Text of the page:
Architect Alex Robinette is only too happy to rattle off the list of critters sharing her Austin abode’s plot of earth, a leafy locale in the Rollingwood area abutting Zilker Park. “We have foxes, deer, raccoons, skunks—and opossums too,” she says. “Hawks and owls swoop through the trees, and there’s even a massive dragonfly population.” For Robinette, who sits on the boards of Austin Parks Foundation and Selah, Bamberger Ranch Preserve, her home’s location couldn’t be more perfect. “The tall window wall in the living room is like a movie screen for observing passing wildlife,” she explains. And while the house may be new, it follows the footprint of the land’s original 1940s residence, so as not to disturb all those who share this verdant space.
“Zilker Park is an important piece of our story,” Robinette says, noting she and her husband sought a bigger property simply to protect a larger ecosystem. “The site designed the house,” she adds. “By virtue of wanting to safeguard it, we went through many iterations and options of different spaces. It winds its length among the trees, creating privacy while taking on light and views in all directions.”
In collaboration with residential designer Ryan Street of Ryan Street Architects, whose project manager was Jeremy Ristau, Robinette reinterpreted the original home’s stonework and steel casement windows into a more contemporary expression. “It’s important to me to build on history rather than copy it, and this house tells the story of the city,” she explains. “Ryan understands the neighborhood and helped delineate initial schematics. We wanted to bring back the previous structure’s spirit in a playfully modern way, even matching the pitch of the original shed roof.” With a material palette of limestone blocks and both steel-plate and shou sugi ban (an ancient Japanese technique of preserving wood by charring its surface) siding, Robinette developed what she calls “a hybrid of Texas vernacular with a raw, simple and rugged design sensibility,” which also appeals to her Norwegian roots. Meanwhile, builder Michael Rhodes infused a feeling of substance and longevity, and architect Brian Carlson of McKinney York Architects helped see the project to the finish line. Even Robinette’s husband played a role in the creative collaborative process, conceiving the curved stone planter at the front that “draws you into the house and embraces you,” Robinette describes.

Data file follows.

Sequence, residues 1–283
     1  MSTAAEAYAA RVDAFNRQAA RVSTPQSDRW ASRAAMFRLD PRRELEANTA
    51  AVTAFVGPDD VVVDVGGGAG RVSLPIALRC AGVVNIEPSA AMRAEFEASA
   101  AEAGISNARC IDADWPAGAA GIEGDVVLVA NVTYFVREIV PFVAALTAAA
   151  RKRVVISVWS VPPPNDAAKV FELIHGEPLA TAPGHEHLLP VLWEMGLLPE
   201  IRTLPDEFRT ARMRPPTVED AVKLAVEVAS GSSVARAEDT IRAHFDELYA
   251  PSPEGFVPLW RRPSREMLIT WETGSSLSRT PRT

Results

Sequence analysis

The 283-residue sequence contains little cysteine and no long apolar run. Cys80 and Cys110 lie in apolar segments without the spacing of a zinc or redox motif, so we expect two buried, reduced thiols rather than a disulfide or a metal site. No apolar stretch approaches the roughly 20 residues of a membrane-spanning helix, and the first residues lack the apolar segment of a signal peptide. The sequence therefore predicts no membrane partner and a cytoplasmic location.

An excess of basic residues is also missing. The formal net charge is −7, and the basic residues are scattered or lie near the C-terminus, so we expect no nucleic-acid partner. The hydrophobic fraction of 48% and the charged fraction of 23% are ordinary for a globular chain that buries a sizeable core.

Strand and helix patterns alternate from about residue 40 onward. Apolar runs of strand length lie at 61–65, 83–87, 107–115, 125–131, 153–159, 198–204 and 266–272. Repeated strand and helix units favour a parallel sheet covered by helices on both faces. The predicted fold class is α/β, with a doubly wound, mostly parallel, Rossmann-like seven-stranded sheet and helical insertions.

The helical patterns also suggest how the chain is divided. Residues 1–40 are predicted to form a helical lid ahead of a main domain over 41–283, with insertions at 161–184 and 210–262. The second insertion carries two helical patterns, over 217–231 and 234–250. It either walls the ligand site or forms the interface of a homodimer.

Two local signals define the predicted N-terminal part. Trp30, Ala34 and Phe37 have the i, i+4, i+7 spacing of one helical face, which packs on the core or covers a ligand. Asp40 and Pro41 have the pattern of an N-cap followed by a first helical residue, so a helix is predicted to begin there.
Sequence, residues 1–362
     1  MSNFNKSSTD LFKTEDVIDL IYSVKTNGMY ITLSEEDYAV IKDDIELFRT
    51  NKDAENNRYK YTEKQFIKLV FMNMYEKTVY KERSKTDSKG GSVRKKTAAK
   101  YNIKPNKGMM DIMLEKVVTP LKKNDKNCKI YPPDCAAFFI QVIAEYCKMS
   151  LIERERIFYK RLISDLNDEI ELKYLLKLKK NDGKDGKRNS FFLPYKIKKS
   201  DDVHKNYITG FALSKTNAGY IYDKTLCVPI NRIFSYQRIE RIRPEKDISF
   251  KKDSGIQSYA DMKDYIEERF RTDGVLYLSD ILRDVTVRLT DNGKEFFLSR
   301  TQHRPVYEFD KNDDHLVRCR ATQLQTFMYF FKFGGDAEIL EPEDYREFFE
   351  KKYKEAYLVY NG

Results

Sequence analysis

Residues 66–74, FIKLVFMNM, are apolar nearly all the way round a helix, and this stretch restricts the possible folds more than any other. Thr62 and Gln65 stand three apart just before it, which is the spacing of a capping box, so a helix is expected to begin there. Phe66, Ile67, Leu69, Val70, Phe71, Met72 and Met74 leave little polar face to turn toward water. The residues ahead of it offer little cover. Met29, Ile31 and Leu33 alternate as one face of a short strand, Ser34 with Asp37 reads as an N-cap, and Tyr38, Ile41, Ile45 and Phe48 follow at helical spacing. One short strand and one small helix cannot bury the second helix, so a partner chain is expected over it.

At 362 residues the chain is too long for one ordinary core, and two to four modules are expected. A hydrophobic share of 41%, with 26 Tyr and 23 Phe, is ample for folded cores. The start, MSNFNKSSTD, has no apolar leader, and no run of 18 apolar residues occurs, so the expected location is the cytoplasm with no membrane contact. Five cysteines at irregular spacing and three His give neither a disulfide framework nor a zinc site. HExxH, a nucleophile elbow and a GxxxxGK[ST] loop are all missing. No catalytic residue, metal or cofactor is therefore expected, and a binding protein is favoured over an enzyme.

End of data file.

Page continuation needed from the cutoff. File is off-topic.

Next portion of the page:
That welcoming spirit continues inside, where the living room, library, dining room and kitchen together serve as the heart of the home. “The spaces are open to each other to invite connection for our family,” notes Robinette. “One room flows into the next, delineated by material changes, not partition walls.” Furthermore, the couple’s bedroom is nearest to the kitchen but feels like a retreat with its pool and forest views. The office and guest room are tucked away for privacy, while the second floor holds the children’s rooms and additional common areas.
Just as the home needed to feel livable and low-fuss, Robinette opted for furnishings that felt harmonious and soothing. Equally keen on interiors, the architect credits her mother, who also worked in the design world, for shaping her interests and aesthetic. “Mom always had me in the garden, walking through construction sites or getting lost in antique warehouses,” she recalls. “I’ve been immersed in all aspects of design my entire life.” And that is certainly evident in the array of meaningful furnishings that fill the abode, including two pieces from her childhood: a table that’s now in her husband’s office and a cabinet that informed the design of their bedroom. New additions include iconic chairs by Scandinavians Eero Saarinen and Hans J. Wegner, as well as contemporary pieces by Dutch, Belgian and Italian designers, all with an emphasis on clean lines and natural materials.
Outside, Robinette enlisted landscape architect Curt Arnette to help create a feeling of continuity with Zilker Park while bringing pollinator-friendly blooms closer to the residence. Whether it’s a swim in the pool, soccer practice on the lawn or an evening spent on the screened porch with a good book, this is a home offering something for everyone, at any time of day. Even the family cat, Hobbes, is living the good life with a myriad of perches from which to surveil all those buzzing, swooping and scampering visitors. “The house feels uniquely ours,” Robinette reflects. “We’ll never outgrow it in style or size.”